Wishing All a Meaningful Shavuot 2015/5775

Chag Sameach Shavuot–Happy Festival of Weeks!

This year it just happens that the traditional Jewish day of the “Festival of Weeks,” known otherwise as Pentecost (from the Greek word πεντηκοστή meaning “50th”), corresponds with the more literal “count” of 50 days beginning the “day after the Sabbath” of Passover week–counting 50 days–until the day after the seventh Sabbath or Sunday (Leviticus 23:15-16; Deuteronomy 16:10). For Jews Shavuot marks the giving of the Torah at Mt Sinai or Horeb (Exodus 19:1ff) and for Christians, Pentecost (known by its Greek name) marks the beginning of what was later understood as the inauguration of a “New Covenant” (Acts 2:1-4). Event the Dead Sea Scrolls community had a ceremony for the “renewal of the Covenant” on this day in ancient times (Community Rule).

shavuotWhatever its meaning it always seems to have to do with “new beginnings” and inauguration. So wishing all new beginnings and abundance of “harvest.”


Remembering All the Way in the Wilderness

Wilderness-part1This is the first class in Ross’ teaching series on the Biblical Book of Numbers. In this class Ross introduces the Torah’s 4th book and provides his listeners with a point that the journeys of the children of Israel represent not only geographical movement, but a transition of faith and a transition from a nation of slaves to a free and holy nation. Ross demonstrates that the salvation of Israel involves a departure from Egypt as well as a journey towards the land of milk and honey. He shows that while many people see the wilderness as a place of dryness and barrenness, the Bible presents another picture of life in the wilderness: a life of divine protection, provision and purpose.

Click here to listen to this teaching.

Jerusalem Day and the Prophet Daniel

wallIyar 28th on the Jewish calendar marks the day that Jerusalem was re-united and the Jewish people regained control of the Old City in June of 1967. Could it be that the miraculous events of June 7, 1967 were foretold by the ancient prophet Daniel? In his book, Restoring Abrahamic Faith, Dr. James Tabor (2008) presents a compelling argument that the “completely unanticipated capture of the Old City of Jerusalem by Israeli forces during the Six Day War…appears to provide a rather remarkable ‘benchmark’ of prophetic fulfillment” (p. 92).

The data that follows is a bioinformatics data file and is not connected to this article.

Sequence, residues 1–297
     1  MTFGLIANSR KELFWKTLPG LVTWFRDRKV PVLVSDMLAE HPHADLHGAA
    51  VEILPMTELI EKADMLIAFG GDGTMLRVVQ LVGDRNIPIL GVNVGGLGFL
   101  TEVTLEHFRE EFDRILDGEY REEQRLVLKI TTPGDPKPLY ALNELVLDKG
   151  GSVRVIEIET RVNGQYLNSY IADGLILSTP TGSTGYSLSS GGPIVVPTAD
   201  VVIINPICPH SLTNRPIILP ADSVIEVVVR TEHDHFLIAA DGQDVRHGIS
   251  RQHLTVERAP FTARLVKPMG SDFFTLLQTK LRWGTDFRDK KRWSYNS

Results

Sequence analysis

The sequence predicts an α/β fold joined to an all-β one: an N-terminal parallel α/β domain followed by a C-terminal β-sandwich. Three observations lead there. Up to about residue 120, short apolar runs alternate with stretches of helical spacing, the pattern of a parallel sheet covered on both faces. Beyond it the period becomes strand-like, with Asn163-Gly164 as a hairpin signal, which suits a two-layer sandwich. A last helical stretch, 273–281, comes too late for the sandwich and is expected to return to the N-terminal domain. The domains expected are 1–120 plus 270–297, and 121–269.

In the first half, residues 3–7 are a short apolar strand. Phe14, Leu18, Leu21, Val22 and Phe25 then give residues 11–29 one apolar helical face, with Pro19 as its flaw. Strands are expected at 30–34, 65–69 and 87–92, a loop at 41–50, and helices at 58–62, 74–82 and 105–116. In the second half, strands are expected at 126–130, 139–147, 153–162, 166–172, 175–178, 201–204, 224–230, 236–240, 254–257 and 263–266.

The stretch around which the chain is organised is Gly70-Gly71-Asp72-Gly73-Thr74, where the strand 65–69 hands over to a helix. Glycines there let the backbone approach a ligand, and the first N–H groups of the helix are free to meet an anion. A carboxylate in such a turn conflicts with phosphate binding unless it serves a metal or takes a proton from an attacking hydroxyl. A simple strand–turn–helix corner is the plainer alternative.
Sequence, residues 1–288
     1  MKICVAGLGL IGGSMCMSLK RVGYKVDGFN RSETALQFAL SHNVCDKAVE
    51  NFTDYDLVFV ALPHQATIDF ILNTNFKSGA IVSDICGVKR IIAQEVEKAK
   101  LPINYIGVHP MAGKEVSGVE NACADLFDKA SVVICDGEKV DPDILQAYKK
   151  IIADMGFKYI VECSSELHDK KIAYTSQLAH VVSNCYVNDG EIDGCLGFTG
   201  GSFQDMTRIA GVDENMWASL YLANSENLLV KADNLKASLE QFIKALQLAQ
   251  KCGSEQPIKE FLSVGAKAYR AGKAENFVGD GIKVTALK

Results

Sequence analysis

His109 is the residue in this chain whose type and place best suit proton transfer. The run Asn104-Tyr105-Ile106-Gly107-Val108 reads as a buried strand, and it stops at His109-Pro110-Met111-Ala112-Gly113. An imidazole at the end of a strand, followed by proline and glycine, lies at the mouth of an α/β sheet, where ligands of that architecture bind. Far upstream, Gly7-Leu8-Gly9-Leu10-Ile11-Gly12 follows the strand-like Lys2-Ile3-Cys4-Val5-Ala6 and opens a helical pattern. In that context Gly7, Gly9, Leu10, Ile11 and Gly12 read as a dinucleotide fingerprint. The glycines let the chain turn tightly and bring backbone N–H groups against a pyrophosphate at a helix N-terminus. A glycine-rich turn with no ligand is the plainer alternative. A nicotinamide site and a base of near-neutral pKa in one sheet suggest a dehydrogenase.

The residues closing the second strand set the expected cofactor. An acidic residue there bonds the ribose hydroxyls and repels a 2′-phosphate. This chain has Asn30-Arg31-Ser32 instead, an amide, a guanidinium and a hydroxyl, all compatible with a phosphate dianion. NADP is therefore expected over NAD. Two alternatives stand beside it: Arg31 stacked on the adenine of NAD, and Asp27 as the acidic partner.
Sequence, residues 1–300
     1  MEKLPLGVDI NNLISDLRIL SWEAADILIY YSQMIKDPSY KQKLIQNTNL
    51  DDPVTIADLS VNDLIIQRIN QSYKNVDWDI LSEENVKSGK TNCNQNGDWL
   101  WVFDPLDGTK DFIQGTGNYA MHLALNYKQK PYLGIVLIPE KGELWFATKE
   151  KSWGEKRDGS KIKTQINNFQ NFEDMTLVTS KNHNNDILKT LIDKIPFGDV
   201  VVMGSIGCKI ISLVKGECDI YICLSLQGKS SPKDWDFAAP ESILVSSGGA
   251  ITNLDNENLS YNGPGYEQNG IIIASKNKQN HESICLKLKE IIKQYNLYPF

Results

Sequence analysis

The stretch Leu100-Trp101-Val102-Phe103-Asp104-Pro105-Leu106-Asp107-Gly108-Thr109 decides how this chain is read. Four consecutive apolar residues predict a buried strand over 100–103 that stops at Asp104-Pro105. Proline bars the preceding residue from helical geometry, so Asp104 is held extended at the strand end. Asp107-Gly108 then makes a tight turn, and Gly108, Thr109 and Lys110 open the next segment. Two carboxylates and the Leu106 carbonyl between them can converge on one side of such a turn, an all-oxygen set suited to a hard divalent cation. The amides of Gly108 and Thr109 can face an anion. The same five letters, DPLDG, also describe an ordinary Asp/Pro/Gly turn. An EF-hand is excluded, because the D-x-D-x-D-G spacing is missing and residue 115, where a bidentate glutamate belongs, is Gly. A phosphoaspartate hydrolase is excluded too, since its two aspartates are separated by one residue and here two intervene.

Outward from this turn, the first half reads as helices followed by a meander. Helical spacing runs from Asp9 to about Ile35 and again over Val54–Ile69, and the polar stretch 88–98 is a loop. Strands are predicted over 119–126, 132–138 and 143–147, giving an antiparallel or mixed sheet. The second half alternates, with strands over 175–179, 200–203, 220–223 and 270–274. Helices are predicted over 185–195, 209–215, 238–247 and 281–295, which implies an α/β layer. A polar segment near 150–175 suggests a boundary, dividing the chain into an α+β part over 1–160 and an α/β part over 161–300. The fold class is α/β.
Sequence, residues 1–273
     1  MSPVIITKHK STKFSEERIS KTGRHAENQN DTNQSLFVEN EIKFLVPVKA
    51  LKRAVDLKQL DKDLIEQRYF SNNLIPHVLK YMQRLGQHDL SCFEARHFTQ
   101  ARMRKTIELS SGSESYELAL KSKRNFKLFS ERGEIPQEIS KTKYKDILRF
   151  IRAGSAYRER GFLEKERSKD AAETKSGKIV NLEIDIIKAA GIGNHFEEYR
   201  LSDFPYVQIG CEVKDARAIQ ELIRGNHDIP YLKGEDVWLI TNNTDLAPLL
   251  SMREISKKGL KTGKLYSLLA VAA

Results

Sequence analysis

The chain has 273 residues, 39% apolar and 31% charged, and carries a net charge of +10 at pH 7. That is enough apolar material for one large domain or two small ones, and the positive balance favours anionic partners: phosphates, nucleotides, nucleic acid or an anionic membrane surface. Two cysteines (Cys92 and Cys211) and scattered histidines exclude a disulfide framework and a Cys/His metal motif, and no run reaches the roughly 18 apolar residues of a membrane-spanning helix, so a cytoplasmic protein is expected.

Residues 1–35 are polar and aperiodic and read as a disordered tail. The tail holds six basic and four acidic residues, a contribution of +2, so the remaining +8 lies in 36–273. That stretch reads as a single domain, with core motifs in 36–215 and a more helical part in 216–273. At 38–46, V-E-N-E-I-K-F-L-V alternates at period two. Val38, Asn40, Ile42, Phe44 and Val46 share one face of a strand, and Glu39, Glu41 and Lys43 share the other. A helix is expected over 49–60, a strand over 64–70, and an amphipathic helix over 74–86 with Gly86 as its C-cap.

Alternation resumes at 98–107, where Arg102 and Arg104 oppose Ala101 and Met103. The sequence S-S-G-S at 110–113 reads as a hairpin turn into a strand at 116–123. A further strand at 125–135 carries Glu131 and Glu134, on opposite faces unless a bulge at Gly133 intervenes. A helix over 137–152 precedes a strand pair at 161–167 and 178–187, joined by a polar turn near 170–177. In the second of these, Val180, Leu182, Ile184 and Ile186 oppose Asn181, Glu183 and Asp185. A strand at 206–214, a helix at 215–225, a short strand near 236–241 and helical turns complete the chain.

Tabor shows that the capture of Jerusalem on June 7, 1967 / Iyar 28, 5727 happens to coincide precisely with an ancient event that took place 2300 years earlier. Tabor (2008) stated, “the Persian defeat by Alexander the Great, on June 7, 334 B.C.E. (Artemisius 28th on the Olympiad Calendar), began 2300 years of hostile Gentile domination of Jerusalem” (p.93). As Tabor (2008) puts it, “the fact that the entire Temple Mount, including the Dome of the Rock and the al-Aqsa Mosque, came under Jewish control on that very day, in that very year, June 7, 1967, is rather uncanny” (p.93). Uncanny indeed. Why so?

The Hebrew prophet Daniel spoke of a he-goat that would defeat a ram. This would be followed by a trampling of Jerusalem by Gentiles, but then after the 2300 days are over there would be a “vindication” (Daniel Chapter 8). Scholars agree that the “he-goat” represents Greece and the “ram” represents Persia. Students of prophecy have often interpreted the “days” of Daniel’s prophecy as “years.” Tabor (2008) shows that Methodist minister, Adam Clarke, in 1825 predicted with close accuracy the restoration of Jerusalem. He missed by one year, presumably because he, “made a mistake in math moving from B.C.E. to C.E., neglecting to add the extra year required (there is no year zero)” (Tabor, p. 92-92).

On this day, as you reflect on the miracle of Jerusalem Day, consider that the events of that day in the summer of 1967, may very well have been seen by an ancient Jewish prophet.

References & Additional Reading

Six Day War. (n.d.). Retrieved from http://www.sixdaywar.co.uk/news_articles-three-soldiers.htm

Tabor, J.D. (2008). Restoring Abrahamic Faith (3rd ed.). Charlotte, NC: Genesis 2000.

Tabor, J.D. (2013). TaborBlog. Retrieved from http://jamestabor.com/2013/05/08/jerusalem-day-june-7-1967/

Blessings Begin When We Listen

iStock_000064023065_XXXLarge-copy-200x300In this class Ross covers material from the final two readings of the book of Leviticus. He focuses on what are called the blessings and the curses found in the 26th chapter. Ross shows that the blessings are the result of obedience, or as the Torah puts it – Listening! Could it really be that simple? Ross shows from multiple examples that to listen is the first step in the process of Biblical blessing. He also shows that NOT listening to the Torah leads to the “curse of the Law!” You will not want to miss this teaching.